The True Identity of the Jalapeño

In Chile Peppers, Spicy Main Dishes, Spicy Side Dishes by Dave DeWittLeave a Comment

By José C. Marmolejo

Ajalapeno copyccording to most chile connoisseurs, cuaresmeño is the original name for our friend the jalapeño—or Xalapeño to be proper. Cuaresmeño means related to cuaresma or Lent, the season when it was harvested and consumed fresh before modern agriculture made it available year-round. This name was given in El Altiplano or Central Mexico. So far, nobody argues with this theory.

Xalapa de Enríquez, the capital city of the State of Veracruz, better known as Jalapa, is located in Central Veracruz, a lush region that produces delicacies such as Mole de Xico and the famous Coatepec coffee. This is the area where cuaresmeños were produced and consumed fresh. There however, cuaresmeño is called names like chile verde, gordo or huachinango—because its red color at maturity—all these common names are used by locals. Now, as Catholics weren’t supposed to eat meat during Lent, the solution was to stuff cuaresmeños with cheese or fish while taking advantage of its abundance that time of the year.

So far so good, everybody agrees on the above. Enter Raquel Torres Cerdán, a Mexican anthropologist, traditional cooking expert, and director of “Acuyo,” a cooking school in Jalapa. In a recent telephone conversation, she tells us a different story: around 1930 in Jalapa, there was an imported foods store named “La Xalapeña” owned by the Jiménez, a family of Spanish immigrants. In this store they started preserving the cuaresmeños in vinegar to extend the availability seasonally. This technique resulted in a new food experience. While extending the life of the cuaresmeño, a new flavor was created and was widely accepted by the local customers who requested more and more to ship and share to friends and relatives far away, and tourists bought them as souvenirs. After this business success, the store, then operated by Don Mario Jiménez Guerra (1931-2012), decided to can the cuaresmeños en vinagre, so they could be safely shipped to other cities and business could expand. For this purpose, he devised a small canning machine. The cans had the store name “La Xalapeña” printed in their labels which with time became a well known brand. From then on, the contents were called chiles xalapeños in other cities. Don Mario was a member of the third—and last—generation of the Jiménez dynasty to operate La Xalapeña store which originated this popular product.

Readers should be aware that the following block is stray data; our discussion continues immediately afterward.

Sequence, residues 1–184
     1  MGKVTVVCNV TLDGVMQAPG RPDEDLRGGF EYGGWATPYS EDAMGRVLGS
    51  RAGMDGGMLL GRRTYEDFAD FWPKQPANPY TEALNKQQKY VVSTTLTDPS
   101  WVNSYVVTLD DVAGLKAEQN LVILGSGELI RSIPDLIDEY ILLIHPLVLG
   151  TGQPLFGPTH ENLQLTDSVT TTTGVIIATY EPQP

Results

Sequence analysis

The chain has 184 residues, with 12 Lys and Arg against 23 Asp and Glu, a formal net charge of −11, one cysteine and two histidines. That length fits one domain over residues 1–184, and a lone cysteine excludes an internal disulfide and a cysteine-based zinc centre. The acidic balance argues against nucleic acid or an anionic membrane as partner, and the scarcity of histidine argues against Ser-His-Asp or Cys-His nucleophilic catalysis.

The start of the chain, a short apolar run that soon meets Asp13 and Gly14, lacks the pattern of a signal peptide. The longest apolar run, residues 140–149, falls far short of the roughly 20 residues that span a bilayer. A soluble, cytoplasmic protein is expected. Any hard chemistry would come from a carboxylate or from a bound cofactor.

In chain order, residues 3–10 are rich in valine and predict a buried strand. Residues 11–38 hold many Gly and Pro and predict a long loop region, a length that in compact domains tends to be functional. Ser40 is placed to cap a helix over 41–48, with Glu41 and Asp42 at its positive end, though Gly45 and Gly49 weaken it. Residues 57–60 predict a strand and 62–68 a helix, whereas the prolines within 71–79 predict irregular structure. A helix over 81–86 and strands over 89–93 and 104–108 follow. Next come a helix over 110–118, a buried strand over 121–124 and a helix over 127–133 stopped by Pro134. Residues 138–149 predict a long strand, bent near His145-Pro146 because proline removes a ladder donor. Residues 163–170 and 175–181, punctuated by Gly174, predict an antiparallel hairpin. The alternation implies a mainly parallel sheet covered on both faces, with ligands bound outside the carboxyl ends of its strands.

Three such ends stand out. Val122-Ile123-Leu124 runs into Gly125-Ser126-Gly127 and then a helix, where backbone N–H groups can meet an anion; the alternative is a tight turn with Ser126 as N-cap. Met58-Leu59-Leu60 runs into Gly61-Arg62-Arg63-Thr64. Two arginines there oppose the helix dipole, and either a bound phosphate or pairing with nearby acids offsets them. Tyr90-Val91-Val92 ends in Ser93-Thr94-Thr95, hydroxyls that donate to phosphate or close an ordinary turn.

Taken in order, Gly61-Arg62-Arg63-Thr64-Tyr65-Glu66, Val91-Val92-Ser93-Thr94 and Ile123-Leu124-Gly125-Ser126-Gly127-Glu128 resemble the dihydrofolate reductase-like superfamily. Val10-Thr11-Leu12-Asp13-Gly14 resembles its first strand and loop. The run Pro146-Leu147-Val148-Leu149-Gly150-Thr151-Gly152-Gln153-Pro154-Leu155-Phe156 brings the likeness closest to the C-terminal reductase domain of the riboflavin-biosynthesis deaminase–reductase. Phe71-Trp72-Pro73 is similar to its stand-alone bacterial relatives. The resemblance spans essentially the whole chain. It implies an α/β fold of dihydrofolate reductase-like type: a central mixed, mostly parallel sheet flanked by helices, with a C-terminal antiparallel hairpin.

Today, jalapeños are popular in Europe too. Cans with pickled green chiles are being imported from Turkey and Asia, and are labeled “Jalapeños”. The cans even display a sombrero in their labels! The Mexican Association of Food Packers is now appealing to the European Union to recognize the geographical origin and denomination for jalapeños—and chipotles—to be Mexico only. This trade organization claims that the quality of the Mexican chiles is superior to those of other countries. Chiles today are part of the list of food products—along with cheeses and wines—that the European Community and Mexico are discussing their denomination and labeling in their free trade agreement.

In the U.S.A. jalapeños have been popular for decades. They were imported by farm workers to spice their light flavored American diet and became an important part of “nostalgia food” along with tortillas, fried rice, and boiled beans. Canned jalapeños were easy to transport, needed no refrigeration, and a small can would go a long way. As other immigrants’ foods, Mexican food caught on in the mainstream, specially in the southern border states. Soon jalapeños were cultivated in Texas, New Mexico and California, states with high populations of what started as migrant workers, later became home of permanent residents in the middle of the last century, in the most benign climate in the U.S.A. Today, the majority of the U.S. commercial jalapeño supply is grown in New Mexico, Texas, and California, Mexico however, remains the main supplier of fresh and canned Jalapeños for the U.S. market.